As of 8 a.m. the National Weather Service said Tropical Storm Fay was centered near Cape Canaveral and headed slowly in a northerly direction.
A tropical storm warning remains in effect from north of Jupiter Inlet, Florida, northward to Altamaha Sound, Georgia.
A hurricane watch remains in effect from north of Flagler Beach, Florida to Altamaha Sound, Georgia.
A tropical storm watch is in effect from north of Altamah Sound to the Savannah River, according to NWS.
Fay is traveling north at 5 mph and forecasters say the motion is expected to continue throughout the day (Aug. 20). A gradual turn toward the northwest is forecast during the next 12 to 24 hours and Fay is expected to remain near or over the east-central and northeastern Florida coast through Aug. 21.
Data from a reconnaissance plane and surface observations indicate that Fay’s maximum sustained winds have decreased to near 45 mph with higher gusts. The winds are occurring mostly over water, to the east of Fay’s center, NWS reported.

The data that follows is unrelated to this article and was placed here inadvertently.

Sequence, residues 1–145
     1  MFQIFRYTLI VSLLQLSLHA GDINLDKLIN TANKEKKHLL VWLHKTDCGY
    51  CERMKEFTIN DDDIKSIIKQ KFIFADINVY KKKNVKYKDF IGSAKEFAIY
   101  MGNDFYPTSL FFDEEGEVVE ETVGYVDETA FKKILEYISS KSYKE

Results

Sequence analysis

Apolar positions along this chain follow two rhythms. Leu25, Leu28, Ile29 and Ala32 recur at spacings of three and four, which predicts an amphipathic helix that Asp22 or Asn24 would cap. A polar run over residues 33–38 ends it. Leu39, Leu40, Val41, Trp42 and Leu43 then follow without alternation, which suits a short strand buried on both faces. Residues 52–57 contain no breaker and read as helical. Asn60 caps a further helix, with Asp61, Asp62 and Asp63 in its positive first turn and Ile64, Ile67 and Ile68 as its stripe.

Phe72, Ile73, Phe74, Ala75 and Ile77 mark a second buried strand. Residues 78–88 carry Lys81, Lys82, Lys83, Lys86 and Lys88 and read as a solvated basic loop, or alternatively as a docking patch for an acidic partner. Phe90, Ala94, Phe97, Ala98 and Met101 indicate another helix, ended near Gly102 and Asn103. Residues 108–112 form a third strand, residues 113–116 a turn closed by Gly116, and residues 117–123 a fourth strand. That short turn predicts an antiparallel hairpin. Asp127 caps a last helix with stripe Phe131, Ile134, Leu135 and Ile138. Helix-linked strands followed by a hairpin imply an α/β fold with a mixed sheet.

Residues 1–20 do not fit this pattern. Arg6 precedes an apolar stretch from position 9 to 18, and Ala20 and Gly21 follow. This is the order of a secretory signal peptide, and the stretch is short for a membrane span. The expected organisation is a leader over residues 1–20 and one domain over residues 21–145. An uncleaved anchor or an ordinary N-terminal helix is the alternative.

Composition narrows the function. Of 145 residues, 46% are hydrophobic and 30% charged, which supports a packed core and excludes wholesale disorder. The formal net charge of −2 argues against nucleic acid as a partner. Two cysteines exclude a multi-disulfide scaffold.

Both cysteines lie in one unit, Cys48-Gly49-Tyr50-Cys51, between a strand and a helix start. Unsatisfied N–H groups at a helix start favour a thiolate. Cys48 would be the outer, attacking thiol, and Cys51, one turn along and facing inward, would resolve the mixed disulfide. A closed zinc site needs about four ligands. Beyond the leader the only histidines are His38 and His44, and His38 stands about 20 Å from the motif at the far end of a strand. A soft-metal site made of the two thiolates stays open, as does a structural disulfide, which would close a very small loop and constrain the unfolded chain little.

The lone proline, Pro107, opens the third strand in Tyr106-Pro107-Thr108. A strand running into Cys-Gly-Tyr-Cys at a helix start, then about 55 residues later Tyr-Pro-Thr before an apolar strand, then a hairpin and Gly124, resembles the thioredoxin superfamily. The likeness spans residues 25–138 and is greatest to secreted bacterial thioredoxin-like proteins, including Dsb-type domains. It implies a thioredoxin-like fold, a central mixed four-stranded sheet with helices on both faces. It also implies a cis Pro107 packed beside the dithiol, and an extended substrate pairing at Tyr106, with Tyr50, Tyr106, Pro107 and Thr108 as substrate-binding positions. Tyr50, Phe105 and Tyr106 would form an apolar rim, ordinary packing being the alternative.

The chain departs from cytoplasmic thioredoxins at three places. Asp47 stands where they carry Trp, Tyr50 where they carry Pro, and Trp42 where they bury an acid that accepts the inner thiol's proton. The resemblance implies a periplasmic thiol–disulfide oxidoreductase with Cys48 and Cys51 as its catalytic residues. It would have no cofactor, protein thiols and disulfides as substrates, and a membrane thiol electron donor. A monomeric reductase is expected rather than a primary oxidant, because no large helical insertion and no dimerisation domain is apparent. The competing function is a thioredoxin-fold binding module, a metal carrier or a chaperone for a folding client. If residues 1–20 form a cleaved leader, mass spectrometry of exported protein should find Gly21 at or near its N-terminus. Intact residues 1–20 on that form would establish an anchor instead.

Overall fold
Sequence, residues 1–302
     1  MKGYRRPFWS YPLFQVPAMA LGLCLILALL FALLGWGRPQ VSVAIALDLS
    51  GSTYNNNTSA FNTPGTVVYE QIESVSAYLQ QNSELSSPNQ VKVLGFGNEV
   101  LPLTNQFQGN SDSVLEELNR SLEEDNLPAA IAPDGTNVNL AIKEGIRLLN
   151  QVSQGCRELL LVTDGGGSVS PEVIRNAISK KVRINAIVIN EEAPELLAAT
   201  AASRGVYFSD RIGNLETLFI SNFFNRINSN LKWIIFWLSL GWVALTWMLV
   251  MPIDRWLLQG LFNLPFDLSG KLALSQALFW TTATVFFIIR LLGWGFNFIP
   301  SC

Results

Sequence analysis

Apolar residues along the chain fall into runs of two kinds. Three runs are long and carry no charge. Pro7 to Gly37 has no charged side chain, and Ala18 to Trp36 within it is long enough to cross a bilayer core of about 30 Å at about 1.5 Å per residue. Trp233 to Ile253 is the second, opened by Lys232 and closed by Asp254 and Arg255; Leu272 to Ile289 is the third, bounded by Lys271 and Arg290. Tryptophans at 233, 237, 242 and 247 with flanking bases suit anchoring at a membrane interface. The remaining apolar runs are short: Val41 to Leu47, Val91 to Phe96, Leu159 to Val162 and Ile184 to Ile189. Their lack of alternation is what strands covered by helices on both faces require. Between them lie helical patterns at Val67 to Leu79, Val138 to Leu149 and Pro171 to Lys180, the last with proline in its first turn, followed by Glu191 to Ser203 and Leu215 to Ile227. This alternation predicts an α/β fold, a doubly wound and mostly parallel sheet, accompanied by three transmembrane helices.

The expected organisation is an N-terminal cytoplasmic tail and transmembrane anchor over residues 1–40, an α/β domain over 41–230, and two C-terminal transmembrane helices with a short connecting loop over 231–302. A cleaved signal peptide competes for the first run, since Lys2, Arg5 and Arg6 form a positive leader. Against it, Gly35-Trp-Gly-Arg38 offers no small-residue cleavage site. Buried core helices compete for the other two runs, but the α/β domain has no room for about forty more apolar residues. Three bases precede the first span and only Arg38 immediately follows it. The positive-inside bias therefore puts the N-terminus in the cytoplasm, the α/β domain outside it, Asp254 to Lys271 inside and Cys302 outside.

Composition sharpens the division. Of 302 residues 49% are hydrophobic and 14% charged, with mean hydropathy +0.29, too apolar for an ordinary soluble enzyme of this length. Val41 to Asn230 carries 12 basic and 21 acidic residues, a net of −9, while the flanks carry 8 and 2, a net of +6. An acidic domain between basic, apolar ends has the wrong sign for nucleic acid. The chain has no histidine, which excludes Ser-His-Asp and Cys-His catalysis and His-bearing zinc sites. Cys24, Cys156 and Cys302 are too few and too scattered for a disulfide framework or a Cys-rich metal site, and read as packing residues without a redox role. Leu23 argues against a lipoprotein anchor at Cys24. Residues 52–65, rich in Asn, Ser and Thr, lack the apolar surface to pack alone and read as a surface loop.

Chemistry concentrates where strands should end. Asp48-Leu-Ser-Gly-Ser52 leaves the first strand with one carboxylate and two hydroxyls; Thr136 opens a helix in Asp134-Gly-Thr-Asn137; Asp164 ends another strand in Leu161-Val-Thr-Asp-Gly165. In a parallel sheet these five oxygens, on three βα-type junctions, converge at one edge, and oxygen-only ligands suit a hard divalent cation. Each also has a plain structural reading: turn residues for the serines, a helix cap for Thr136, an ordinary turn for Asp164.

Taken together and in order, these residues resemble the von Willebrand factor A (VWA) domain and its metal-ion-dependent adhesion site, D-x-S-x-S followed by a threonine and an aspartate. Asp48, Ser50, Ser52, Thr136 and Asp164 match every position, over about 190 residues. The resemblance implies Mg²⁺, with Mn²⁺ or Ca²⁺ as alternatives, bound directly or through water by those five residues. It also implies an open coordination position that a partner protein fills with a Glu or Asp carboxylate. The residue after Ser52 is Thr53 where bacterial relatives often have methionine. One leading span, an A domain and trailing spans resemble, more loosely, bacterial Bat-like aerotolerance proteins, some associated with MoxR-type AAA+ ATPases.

Gradual restrengthening is possible during the next 24 hours before fay moves back inland over northeastern Florida on Thursday.
Rainfall accumulations of 5 to 10 inches are expected over east-central and northeastern parts of Florida, with maximum total amounts up to 15 inches possible.
Isolated tornadoes are possible in portions of northeastern Florida and storm tides could reach 1 to 3 feet above normal along Florida’s east coast.
Emergency Management officials are warning residents to remain vigilant.
“Residents along the First Coast, North Florida and Big Bend regions
should pay close attention to the future movement of Tropical Storm Fay and be prepared to act, “said Florida Emergency Management Director Craig Fugate. “Fay may be with us well into the weekend as it heads back across the state.”
The State Emergency Operations Center (SEOC) continues to operate at a Level 1, or full activation mode. Residents throughout Florida should continue to monitor official forecasts and special statements from the National Weather Service, Fugate said.
State and federal officials will begin joint damage assessments in South Florida today in Martin and Monroe Counties. State officials will also be in all of the counties affected by Tropical Storm Fay to determine the extent of damages and the need for further assistance.
Sources: National Weather Service
Florida Division of Emergency Management
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